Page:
A Tasmanian man ordered by the state’s Anti-Discrimination Tribunal to publicly apologise for distributing an offensive anti-gay brochure is refusing to do so, citing a “gross perversion of justice”.
James Durston from Launceston has written a five-page letter to the tribunal, state justice minister and anti-discrimination commissioner, rejecting last week’s ruling and threatening to appeal the decision all the way to the High Court.
“The decision … is a gross perversion of justice in ignorance of both fact and law,” Mr Durston wrote.
He refused to follow the tribunal’s direction that he place a public notice in Hobart’s Mercury newspaper retracting and apologising for the booklet which was distributed to about 3000 suburban Hobart addresses in 2013.
“Scripture rejects homosexuality as utterly abominable,” the booklet, titled Homosexuality Stats, said.
It cited AIDS, suicide, murder and traffic accidents as the reasons why gay men and lesbian women died at a younger age than heterosexual people.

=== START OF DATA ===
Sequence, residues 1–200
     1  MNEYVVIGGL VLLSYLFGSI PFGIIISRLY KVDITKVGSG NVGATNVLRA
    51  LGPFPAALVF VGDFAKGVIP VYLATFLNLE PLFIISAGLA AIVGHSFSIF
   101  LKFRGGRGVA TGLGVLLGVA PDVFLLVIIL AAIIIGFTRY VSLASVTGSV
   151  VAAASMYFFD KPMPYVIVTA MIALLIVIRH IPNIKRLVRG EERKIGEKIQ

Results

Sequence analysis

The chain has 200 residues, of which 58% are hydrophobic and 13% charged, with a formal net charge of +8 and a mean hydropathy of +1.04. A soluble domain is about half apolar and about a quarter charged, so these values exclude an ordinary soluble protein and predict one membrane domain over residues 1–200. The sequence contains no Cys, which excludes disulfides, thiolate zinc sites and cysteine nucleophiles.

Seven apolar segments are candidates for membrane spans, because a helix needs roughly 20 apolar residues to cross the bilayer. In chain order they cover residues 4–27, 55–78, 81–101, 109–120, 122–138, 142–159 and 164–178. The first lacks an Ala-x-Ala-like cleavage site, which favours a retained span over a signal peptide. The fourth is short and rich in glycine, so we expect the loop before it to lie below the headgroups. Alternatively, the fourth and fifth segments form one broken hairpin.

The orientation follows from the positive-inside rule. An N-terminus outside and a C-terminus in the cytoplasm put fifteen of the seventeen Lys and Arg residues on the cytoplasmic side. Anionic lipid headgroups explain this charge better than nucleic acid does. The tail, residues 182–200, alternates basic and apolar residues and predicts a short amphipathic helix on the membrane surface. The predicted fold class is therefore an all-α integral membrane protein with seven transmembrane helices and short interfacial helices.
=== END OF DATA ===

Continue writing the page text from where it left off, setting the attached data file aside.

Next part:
The tribunal found Mr Durston’s conduct humiliated, insulted and ridiculed homosexuals on the basis of their sexual orientation and added that if he did not apologise he would be fined.
But Mr Durston has no intention of saying sorry or paying a fine, which could be up to $1540.
“I had complete right to issue the flyers and as such I don’t have to apologise for them,” his letter reads.
If further legal action is taken against him, Mr Durston said he will “appeal the matter all the way to the High Court of Australia”.
He also threatened to take civil action against tribunal members and the anti-discrimination commissioner, claiming defamation, harassment and intimidation.
The tribunal and commissioner declined to comment when contacted by AAP.